Pulmonary fibrosis (PF), characterized by scarring (fibrosis) in the lungs that leads to coughing and shortness of breath, is a disease that progresses over time. But there is no way to predict how quickly or not a patient’s disease will progress, and nor is there a formal system for identifying its stages.
Traditionally, general descriptors — “mild,” “moderate,” “severe,” or “very severe” — have been used to describe the severity and staging of PF. These “stages” are based on a combination of lung function tests, the need for supplemental oxygen, and how impactful symptoms are in a person’s daily life.
Lung function tests
Clinical lung function measures may be useful in assessing the severity of PF, as well as for evaluating the disease’s progression over time.
The most common lung function tests use spirometry — a method that can be used to measure how much air is being inhaled and exhaled, and how quickly. The amount of air exhaled in a given period of time is referred to as forced expiratory volume or FEV. As an example, the amount exhaled in one second is known as FEV1. In turn, the total amount of air exhaled after a deep breath is referred to as forced vital capacity, or FVC.
FEV and FVC are assessed in milliliters, but the measurements often are calculated as a percentage based on what is normally seen. Broadly, patients with an FVC of 75% or higher are considered to have mild disease, while those with an FVC ranging from 50% to 75% are considered to have moderate disease. Those with severe PF have an FVC ranging from 25% to 49%, and patients in whom FVC values are less than 25% are deemed to have very severe disease.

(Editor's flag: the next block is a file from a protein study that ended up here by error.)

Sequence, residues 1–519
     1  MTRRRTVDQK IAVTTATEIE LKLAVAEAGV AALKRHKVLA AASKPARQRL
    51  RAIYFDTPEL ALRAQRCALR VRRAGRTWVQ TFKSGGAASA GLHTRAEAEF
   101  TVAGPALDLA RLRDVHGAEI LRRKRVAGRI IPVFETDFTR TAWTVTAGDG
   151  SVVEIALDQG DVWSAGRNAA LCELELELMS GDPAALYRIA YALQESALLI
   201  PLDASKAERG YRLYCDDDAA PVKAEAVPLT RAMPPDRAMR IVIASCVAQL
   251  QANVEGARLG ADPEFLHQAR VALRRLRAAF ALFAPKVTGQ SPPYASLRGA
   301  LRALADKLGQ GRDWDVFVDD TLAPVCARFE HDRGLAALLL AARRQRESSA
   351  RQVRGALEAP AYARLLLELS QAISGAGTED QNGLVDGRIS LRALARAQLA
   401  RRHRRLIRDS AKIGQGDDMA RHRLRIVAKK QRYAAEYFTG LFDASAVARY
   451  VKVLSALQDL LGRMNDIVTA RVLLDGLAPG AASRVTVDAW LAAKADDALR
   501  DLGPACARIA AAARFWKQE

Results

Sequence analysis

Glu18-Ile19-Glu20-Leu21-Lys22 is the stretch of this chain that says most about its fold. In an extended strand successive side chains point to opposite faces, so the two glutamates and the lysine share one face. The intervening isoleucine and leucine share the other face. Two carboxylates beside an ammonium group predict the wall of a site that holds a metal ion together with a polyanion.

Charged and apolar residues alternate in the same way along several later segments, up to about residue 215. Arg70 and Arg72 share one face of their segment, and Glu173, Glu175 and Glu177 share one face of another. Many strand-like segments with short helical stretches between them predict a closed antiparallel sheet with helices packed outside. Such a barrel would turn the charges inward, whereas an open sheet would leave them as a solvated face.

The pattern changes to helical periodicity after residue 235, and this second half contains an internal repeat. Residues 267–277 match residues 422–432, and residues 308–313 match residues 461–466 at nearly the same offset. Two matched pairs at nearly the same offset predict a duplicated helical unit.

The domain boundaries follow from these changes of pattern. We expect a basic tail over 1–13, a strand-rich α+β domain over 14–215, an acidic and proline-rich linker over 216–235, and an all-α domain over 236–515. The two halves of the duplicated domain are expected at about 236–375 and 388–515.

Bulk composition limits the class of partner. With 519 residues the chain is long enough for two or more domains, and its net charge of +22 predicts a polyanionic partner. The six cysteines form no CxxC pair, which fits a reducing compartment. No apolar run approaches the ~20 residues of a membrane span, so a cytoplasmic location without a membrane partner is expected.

Another lung function test that may help assess PF severity is the diffusing capacity for carbon monoxide, often abbreviated to DLCO or TLCO. This test assessed the lungs’ ability to transfer inhaled oxygen to the bloodstream.
Imaging of the lungs to detect scar tissue, using X-rays or CT scans, also may be useful in assessing PF severity.
Physical function tests
In addition to measuring lung function, tests capable of evaluating a person’s physical endurance may be useful in assessing PF severity. The six-minute walk test, or 6MWT, is a common measure of physical function in people who are able to walk. As its name suggests, this test measures the distance a person can walk in six minutes.
The GAP model
Since current methods of staging PF are fairly subjective and arbitrary, scientists are working to develop new approaches that can more accurately and systematically classify disease severity. One such system is the GAP model, which stands for “Gender, Age, and Physiology.”
This model incorporates a person’s gender and age, and two lung function measures — FVC and DLCO — to calculate the disease stage. There are three GAP stages, specifically I, II, and III, with higher stages reflecting an increased risk of short-term mortality.
Last updated: Nov. 2, 2021
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